Do you have to pasteurize goats milk? : LUSENET : Countryside : One Thread

Can anyone tell me if you have to pasteurize goats milk? I understand that it is naturally homogenized. But does it have to be pasteurized?

-- Matthew Ramey (, October 15, 2001


In the archives there are several posts about pasturization of goat milk. Pasturization is a good idea just to make sure you are not getting any "frendly little zootonic" guests in the milk. Most folks pasturize for a variety of reasons. then there are some who prefer not to who claim it takes away from the value of the goat milk. I will say this, the best cheese i make, and its for the house, not for selling, comes from unpasturized milk. But in the end its a personal decision to do it or not. I would suggest it just to be safe.


-- Bernice (, October 15, 2001.

Bernice is absolutely right. For myself, I like it raw and my husband likes it pasteurized. Just personal taste preference. For the baby kid goats, I pasteurize the milk and bottle feed it. This prevents spreading CAE.

-- Charleen in WNY (, October 15, 2001.

I don't pasturize either. I am very very picky about being very sanitary witht the milking,and caring for and cooling the milk after. I don't think it tastes as good after pasturization. Probably would if I were feeding a baby or someone elderly who was not used to it, or had imune system problems. I said..we don't.

-- Jenny (, October 15, 2001.

Hi Matthew, yes it is naturally homogenized, which really only means the fat particles are so small in goat milk that they are disperesed through the milk, unlike cows milk that seperates quite eaisly. It is also eaiser to digest. We pasturise for our goat kids, simply makes for better udders in subsequent kids, and of course if you don't pasturise you loose a good amount of sales. Prevention is popular and to sell you have to do what is popular. And never in 15 years has anyone ever said, "I only want a doe kid who was raised on raw colostrum and milk", but have had lots of folks who would only buy prevention raised kids. For our family, no we don't pasturise, but we are also milking home grown goats, nothing from the auction barn, and when we do purchase milkers they come from clean herds, tested for disease. I also would be able to "maybe" :) spot a doe who is ill, before she can pass a disease onto my family, something I do worry about in the homestead type milker. Visit the archives, we have posted the lists of zoonic diseases from milk to human, and if you are like me, a good half of them I can't even spell let alone without looking up be able to tell you what they are! And yes pasturised milk tastes cooked. I do however pasturise my milk to make cheese, it makes for a more consistant end product. Vicki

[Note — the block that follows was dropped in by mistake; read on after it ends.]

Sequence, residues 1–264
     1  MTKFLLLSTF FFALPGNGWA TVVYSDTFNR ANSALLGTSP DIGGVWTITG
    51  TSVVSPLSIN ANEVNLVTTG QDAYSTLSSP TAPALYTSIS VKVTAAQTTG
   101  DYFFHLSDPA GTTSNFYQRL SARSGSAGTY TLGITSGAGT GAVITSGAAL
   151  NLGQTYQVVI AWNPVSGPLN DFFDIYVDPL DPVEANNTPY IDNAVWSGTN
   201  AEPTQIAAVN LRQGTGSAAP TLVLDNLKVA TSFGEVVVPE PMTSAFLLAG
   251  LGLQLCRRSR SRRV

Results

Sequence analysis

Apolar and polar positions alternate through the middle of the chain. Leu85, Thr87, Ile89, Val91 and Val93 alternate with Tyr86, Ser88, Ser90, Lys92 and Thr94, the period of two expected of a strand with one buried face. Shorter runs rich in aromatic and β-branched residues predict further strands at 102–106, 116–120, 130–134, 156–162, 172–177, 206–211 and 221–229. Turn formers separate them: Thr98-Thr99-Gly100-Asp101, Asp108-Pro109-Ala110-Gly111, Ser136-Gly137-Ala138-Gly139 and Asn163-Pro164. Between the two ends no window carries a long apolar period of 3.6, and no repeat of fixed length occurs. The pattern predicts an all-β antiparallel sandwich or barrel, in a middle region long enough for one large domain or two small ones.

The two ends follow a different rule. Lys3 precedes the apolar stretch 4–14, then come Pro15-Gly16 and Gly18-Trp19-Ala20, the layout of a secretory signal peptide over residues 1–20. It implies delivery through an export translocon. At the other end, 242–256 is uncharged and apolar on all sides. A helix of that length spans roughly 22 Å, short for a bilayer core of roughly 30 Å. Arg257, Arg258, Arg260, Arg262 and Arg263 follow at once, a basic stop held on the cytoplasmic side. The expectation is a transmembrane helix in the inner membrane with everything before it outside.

-- Vicki McGaugh (, October 15, 2001.

Milk does not HAVE to be pasturized. It travels better when pasturized, and in a commercial market where some animals and/or milking parlors might be questionable, it is best. I, however, do not pasturize my cow or my goats milk. They are healthy animals and I keep my milking stuff clean. Pasturizing kills almost all of the health benifits of milk, raw milk is a complete food, cooked milk is not. Have you ever heard of anyone pasturizing human milk before giving it to thier child? Tana

-- Tana Cothran (, October 15, 2001.